Stephen Musso, senior vice president and chief of operations of ASPCA.

Though Musso said he personally had not heard about the Frist incident,
he told UPI, "We wouldn't want to see anybody taking an animal out of
an animal shelter and doing anything with it -- first of all that would
be harmful; second of all, different than the intentions that they gave
to the people at that shelter or humane organization."

Attitudes toward animal experimentation have shifted, said Gary
Patronek, director of the Tufts Center for Animals and Public Policy in
North Grafton, Mass.

"The fact that laws have passed prohibiting the practice of pound
seizure in 14 states is evidence of the fact that society's attitudes
have changed," Patronek told UPI. "The laws reflect the attitudes. If
there isn't a broad social consensus about something, then typically
the laws don't change."

The demographics have changed also. By the end of 2000, a total of 34
percent of American households had at least one cat -- a sharp rise of
8 percent in only two years. The American Pet Products Manufacturers
Association also said in their 2001-2002 National Pet Owner Survey that
39 percent of all U.S. households owned at least one dog in 2000, about
the same percentage as in 1998.

Though Frist's practice has been known for 11 years, the matter appears
to be gathering new attention since his election as Senate majority
leader. E-mail with copies of news articles mentioning the incident are
bouncing around the Internet, said Bresch.

One Frist supporter said the senator's opponents are fueling the
interest in the issue.

"What is happening here is that people are doing profiles of the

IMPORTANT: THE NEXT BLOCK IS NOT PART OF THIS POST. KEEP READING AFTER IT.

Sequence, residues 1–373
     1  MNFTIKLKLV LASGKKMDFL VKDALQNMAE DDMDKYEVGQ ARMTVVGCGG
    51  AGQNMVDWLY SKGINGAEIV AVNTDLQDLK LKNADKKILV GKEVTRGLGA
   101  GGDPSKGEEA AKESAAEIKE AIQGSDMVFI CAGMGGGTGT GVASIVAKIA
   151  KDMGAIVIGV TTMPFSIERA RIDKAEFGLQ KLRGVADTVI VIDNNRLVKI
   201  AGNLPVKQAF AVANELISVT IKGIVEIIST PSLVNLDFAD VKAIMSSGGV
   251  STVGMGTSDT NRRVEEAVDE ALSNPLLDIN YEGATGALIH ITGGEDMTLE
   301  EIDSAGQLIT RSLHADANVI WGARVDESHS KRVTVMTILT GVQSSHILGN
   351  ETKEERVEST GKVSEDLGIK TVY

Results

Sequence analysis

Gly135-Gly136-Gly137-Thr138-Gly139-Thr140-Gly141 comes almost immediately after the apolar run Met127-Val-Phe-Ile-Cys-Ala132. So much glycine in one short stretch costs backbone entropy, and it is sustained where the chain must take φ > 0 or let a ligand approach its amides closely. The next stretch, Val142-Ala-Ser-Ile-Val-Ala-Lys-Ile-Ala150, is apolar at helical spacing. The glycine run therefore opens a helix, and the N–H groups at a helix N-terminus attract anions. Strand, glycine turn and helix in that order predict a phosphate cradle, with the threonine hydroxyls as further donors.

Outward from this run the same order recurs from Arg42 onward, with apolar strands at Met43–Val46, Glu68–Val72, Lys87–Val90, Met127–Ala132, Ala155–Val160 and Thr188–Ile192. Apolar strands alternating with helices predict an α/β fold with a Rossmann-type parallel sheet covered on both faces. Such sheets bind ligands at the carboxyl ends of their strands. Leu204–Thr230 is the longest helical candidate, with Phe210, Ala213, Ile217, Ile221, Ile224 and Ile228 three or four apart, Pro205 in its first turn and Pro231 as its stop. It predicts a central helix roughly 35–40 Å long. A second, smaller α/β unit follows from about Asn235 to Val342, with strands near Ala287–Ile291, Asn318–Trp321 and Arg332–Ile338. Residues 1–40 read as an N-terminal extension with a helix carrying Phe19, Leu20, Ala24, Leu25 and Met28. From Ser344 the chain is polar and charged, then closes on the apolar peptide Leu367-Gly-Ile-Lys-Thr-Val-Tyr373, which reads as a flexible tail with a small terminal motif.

senator, and they are desperate to find something wrong with him and to
come up with something bad in his past," he pointed out.

Whether Frist will come to the aid of animal legislative causes remains
to be seen. His spokesman said they had not seen the PETA letter and
therefore would not comment on it.

PETA, normally more combative and high-profile, took a somewhat
restrained tone in its letter. There was no mistaking PETA's opinion,
however, as the organization asked Frist to make an effort on the
animals' behalf.

"There could be no better way of making some small amends to those
animals whose trust you betrayed when you took them from shelters," the
letter said.

(With reporting by Nicholas M. Horrock in Washington)

Helen Miles
March 22nd 06, 01:32 AM
"guess" > wrote in message

>
> PETA, normally more combative and high-profile, took a somewhat
> restrained tone in its letter. There was no mistaking PETA's opinion,
> however, as the organization asked Frist to make an effort on the
> animals' behalf.
>
> "There could be no better way of making some small amends to those
> animals whose trust you betrayed when you took them from shelters," the
> letter said.
>
> (With reporting by Nicholas M. Horrock in Washington)

I don't normally support the actions of PETA, but SCUM like this
shouldn't be allowed anywhere near public office. They should be locked
up and the key thrown away.

God help America, if they have a$$holes like this in power. I thought
the UK was bad, but you guys have it 100 times worse.

Helen M


--
Posted via Mailgate.ORG Server - http://www.Mailgate.ORG

EvelynVogtGamble(Divamanque)
March 22nd 06, 05:19 AM
guess wrote:

> I came across this article in another newsgroup, I imagine most of you might